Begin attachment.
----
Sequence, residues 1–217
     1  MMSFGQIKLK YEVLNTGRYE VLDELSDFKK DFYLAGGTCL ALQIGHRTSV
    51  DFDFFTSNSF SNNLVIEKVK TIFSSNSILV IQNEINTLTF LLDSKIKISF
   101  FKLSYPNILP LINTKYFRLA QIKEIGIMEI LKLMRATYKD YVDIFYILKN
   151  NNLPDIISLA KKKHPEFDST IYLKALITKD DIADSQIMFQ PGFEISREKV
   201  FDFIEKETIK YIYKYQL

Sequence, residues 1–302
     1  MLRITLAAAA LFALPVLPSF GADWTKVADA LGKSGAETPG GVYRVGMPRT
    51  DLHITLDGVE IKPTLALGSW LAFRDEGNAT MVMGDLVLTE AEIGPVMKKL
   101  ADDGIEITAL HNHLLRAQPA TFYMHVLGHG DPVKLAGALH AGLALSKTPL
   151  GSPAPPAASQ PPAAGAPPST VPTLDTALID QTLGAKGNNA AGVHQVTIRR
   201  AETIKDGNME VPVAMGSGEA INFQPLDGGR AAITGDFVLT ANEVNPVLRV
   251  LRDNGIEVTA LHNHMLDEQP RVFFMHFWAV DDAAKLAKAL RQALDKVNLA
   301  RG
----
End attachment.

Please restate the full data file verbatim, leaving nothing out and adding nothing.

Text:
Sequence, residues 1–217
     1  MMSFGQIKLK YEVLNTGRYE VLDELSDFKK DFYLAGGTCL ALQIGHRTSV
    51  DFDFFTSNSF SNNLVIEKVK TIFSSNSILV IQNEINTLTF LLDSKIKISF
   101  FKLSYPNILP LINTKYFRLA QIKEIGIMEI LKLMRATYKD YVDIFYILKN
   151  NNLPDIISLA KKKHPEFDST IYLKALITKD DIADSQIMFQ PGFEISREKV
   201  FDFIEKETIK YIYKYQL

Sequence, residues 1–302
     1  MLRITLAAAA LFALPVLPSF GADWTKVADA LGKSGAETPG GVYRVGMPRT
    51  DLHITLDGVE IKPTLALGSW LAFRDEGNAT MVMGDLVLTE AEIGPVMKKL
   101  ADDGIEITAL HNHLLRAQPA TFYMHVLGHG DPVKLAGALH AGLALSKTPL
   151  GSPAPPAASQ PPAAGAPPST VPTLDTALID QTLGAKGNNA AGVHQVTIRR
   201  AETIKDGNME VPVAMGSGEA INFQPLDGGR AAITGDFVLT ANEVNPVLRV
   251  LRDNGIEVTA LHNHMLDEQP RVFFMHFWAV DDAAKLAKAL RQALDKVNLA
   301  RG